Ford officially introduces a 3.0L Power Stroke turbo-diesel V6 for the 2018 Ford F-150. Yep, the wait for a diesel half-ton truck from Ford is nearly over. What are all the specifications, when will it be available? All of the information is here for you.
2018 Ford F150 Power Stroke
Let’s get straight to business. The new 3.0L V6 is rated at 250 hp @ 3,250 rpm and 440 lb-ft of torque @ 1,750 rpm. The engine is mated to Ford’s 10-speed automatic transmission, and it will be offered in 2WD or 4×4 configurations (more on this later).
How does it compare to competition? Ram’s 3.0L EcoDiesel V6 has a rating of 240 hp and 420 lb-ft, but we know that FCA is working on the next generation of the turbo-diesel for the Jeep Wrangler that may eventually find its way into the next generation Ram 1500. The rating on the next iteration of the 3.0L EcoDiesel V6 is 260 hp and 442 lb-ft of torque. We do not yet know whether GM will offer a half-ton turbo-diesel in the Silverado and Sierra or what its rating might be.
Perhaps the most important number for the F-150 Diesel is the expected fuel economy. Ford expects that 85% of F-150 Diesel customer will choose a towing package with intent to tow. These customers expect higher fuel economy from a diesel. Ford is officially targeting a big and round 30 MPG on the highway. EPA emissions and fuel economy certification is not yet finalized, but Ford is confident the certification will go smoothly and the 30 MPG will be confirmed. For comparison, a Ram 1500 EcoDiesel HFE is rated at 29 MPG on the highway.
This truck will also offer engine start/stop feature (that can be disabled with a push of button upon each ignition cycle). The feature is enabled by default to maximize the fuel economy ratings.
The 3.0L Power Stroke V6 will require the use of the Diesel Exhaust Fluid (DEF) to meet the emissions regulations. The F150 will carry a 5.4 gallon DEF tank and a 26 gallon diesel fuel tank.
The 3.0L turbo-diesel V6 was known under the Lion codename is now officially a “Power Stroke”. Is it simply a marketing and branding exercise? Ford says the F150 3.0L V6 diesel has been upgraded to meet heavier payload and towing loads, as well uses in extreme hot and cold environments. Ford upgraded the crank shaft, rod and main bearings, along with several other updates to make the engine suitable for truck duty. This is also what differentiates it from the 3.0L diesels use in Land Rover and Ranger Rover SUVs, although the engine has the same architecture, and it is still built in the UK.
Towing and Hauling
Ford says the 2018 F150 Diesel is rated up to 2,020 lbs of maximum payload and 11,400 lbs of maximum towing capacity. Granted that these ratings are for a basic 2WD model, the towing rating is considerably higher than the maximum 9,200 lbs with the current Ram 1500 EcoDiesel.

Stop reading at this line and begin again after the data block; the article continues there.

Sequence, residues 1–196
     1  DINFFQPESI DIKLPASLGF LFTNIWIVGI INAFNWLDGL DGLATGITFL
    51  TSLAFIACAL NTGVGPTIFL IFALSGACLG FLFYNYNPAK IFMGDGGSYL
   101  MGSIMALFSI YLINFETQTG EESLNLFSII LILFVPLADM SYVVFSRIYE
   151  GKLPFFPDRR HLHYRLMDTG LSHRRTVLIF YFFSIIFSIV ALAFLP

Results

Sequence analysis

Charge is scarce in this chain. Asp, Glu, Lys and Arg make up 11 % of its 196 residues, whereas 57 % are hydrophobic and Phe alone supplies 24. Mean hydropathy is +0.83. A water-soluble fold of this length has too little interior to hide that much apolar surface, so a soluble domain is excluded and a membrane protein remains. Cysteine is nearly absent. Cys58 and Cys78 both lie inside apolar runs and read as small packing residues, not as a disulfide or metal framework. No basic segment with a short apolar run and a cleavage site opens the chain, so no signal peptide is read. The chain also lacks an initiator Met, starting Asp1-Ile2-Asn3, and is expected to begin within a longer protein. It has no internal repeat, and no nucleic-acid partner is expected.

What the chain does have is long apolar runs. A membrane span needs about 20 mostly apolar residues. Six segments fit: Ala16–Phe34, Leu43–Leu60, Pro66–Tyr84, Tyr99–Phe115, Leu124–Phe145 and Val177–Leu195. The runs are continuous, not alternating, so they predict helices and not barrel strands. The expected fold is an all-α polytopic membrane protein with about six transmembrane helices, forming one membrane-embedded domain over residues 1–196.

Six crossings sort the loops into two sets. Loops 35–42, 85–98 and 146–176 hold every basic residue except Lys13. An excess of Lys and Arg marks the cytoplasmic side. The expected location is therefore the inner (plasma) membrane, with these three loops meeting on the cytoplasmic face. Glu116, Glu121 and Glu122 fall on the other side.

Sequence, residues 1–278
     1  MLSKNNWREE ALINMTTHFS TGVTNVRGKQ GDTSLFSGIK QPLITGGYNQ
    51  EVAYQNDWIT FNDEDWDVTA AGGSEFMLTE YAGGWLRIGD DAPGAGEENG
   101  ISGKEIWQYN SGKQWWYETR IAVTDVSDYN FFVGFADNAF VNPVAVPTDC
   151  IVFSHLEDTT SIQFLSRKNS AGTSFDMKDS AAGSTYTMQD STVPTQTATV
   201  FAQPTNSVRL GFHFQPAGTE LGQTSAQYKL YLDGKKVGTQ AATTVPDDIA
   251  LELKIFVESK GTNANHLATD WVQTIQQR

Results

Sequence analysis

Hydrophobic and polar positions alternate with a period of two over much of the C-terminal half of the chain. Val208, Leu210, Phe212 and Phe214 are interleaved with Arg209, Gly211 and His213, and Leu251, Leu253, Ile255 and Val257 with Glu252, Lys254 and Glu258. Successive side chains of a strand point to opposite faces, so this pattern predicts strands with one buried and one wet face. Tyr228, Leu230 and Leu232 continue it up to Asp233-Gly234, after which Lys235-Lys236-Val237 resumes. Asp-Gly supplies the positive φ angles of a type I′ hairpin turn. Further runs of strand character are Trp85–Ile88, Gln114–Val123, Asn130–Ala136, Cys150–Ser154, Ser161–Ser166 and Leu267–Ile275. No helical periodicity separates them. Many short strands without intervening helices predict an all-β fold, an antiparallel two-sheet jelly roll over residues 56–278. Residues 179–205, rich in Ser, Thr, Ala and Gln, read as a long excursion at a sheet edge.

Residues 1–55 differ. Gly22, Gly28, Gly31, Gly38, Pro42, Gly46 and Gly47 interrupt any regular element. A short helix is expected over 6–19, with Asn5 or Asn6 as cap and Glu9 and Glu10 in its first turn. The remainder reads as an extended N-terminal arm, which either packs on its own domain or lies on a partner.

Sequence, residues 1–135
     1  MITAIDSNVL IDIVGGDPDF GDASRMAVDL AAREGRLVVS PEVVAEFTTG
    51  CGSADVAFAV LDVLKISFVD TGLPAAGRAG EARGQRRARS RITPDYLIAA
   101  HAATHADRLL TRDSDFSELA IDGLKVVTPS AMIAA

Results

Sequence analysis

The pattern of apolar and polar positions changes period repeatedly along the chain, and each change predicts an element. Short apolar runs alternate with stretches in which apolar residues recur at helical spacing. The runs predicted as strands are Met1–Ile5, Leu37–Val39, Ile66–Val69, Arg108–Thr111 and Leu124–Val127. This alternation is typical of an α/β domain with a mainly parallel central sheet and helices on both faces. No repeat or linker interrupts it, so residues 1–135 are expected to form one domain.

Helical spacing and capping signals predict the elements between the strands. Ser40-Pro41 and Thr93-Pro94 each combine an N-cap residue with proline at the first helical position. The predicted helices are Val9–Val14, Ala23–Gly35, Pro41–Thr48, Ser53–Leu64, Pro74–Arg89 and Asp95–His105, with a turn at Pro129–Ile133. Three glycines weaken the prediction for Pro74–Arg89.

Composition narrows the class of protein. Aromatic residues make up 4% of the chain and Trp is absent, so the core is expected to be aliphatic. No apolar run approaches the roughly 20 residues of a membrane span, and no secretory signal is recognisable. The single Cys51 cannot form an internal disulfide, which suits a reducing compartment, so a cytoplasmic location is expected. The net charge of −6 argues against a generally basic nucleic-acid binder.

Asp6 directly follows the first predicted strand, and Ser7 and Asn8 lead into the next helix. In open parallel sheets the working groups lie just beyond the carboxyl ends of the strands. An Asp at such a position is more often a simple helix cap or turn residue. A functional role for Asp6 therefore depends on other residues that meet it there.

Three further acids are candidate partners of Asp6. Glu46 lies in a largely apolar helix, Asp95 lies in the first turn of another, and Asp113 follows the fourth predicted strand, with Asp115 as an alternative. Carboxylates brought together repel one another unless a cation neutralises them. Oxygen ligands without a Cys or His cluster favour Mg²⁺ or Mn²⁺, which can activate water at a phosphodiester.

The truck will be available with a choice of two rear-axle ratios: 3.31 and a 3.55. The 3.31 rear end has a Gross Combined Weight Rating (GCWR for truck + trailer) of 16,000 lbs, while the 3.55 allows for maximum towing with a GCWR of 17,100 lbs.
Ford paid special attention to noise vibration and harshness characteristics. Naturally, the diesel engine is a bit louder at idle than a gasoline counterpart. Ford added strategically placed sound deadening materials to improve the overall driving experience. We have not been able to drive one of these beasts yet, so we cannot yet confirm or deny these claims.
Is there anything missing? Yes, the F-150 Power Stroke V6 does not offer an exhaust brake. All heavy duty trucks offer an exhaust brake to help slow the loaded truck when descending a mountain. Our Ike Gauntlet™ testing suggests that smaller displacement engines need help descending a steep grade. For example, the midsize Chevy Colorado and GMC Canyon diesels offer an exhaust brake. While, the Ram 1500 EcoDiesel and the Nissan Titan XD Cummins do not. When asked, Ford says that the grade shifting transmission mode and the brakes are adequate and an exhaust brake is not necessary.
Availability and Pricing
Ford is taking a two-pronged approach to launch the 2018 F150 Diesel. Consumers will be able to purchase a F-150 Power Stroke in higher trim levels only: Lariat, King Ranch, and Platinum. Commercial fleet managers will be able to purchase the engine in XL or XLT trims.
No matter who you are, the diesel F150 will be offered in either extended or crew cab configurations (Super Cab or Super Crew) with either 2WD or 4×4. Three bed lengths will be available as well: extended cab with a 6.5 or 8-foot bed, or a crew cab with a 5.5 or 6.5-foot bed.
How much moola will it cost? If you price out an F150 Lariat with a 2.7L EcoBoost V6, you will then have to add $4,000 for the 3.0L turbo-diesel V6. If you are pricing out a King Ranch with a 5.0L V8, then the diesel will cost an additional $3,000. In the end, the turbo-diesel is the most expensive engine option for the F-150. It costs $2,400 more than a 3.5L EcoBoost V6.
What is the most affordable retail F150 Diesel? It will be around $46,015 if you get a Lariat Super Cab 6.5-foot bed 4×2 with no additional options. Where is the top end? A loaded F150 Platinum crew cab 6.5-foot bed 4×4 will ring the bell at around $68,305.
Dealership orders begin in mid-January and the trucks should arriving at the dealer in the Spring of 2018. Ford expects 5% of all F-150 sales to be equipped with the diesel. The warranty remains at 5-years or 60,000 miles. The F150 will be assembled at the Dearborn Truck Plant in Michigan.
|Highway MPG:||30 MPG is targeted|
|Max Towing:||11,400 lbs|
|Max Payload:||2,020 lbs|
|Max GCWR:||17,100 lbs|
|Fuel Tank:||26 gal|
|DEF Tank:||5.4 gal|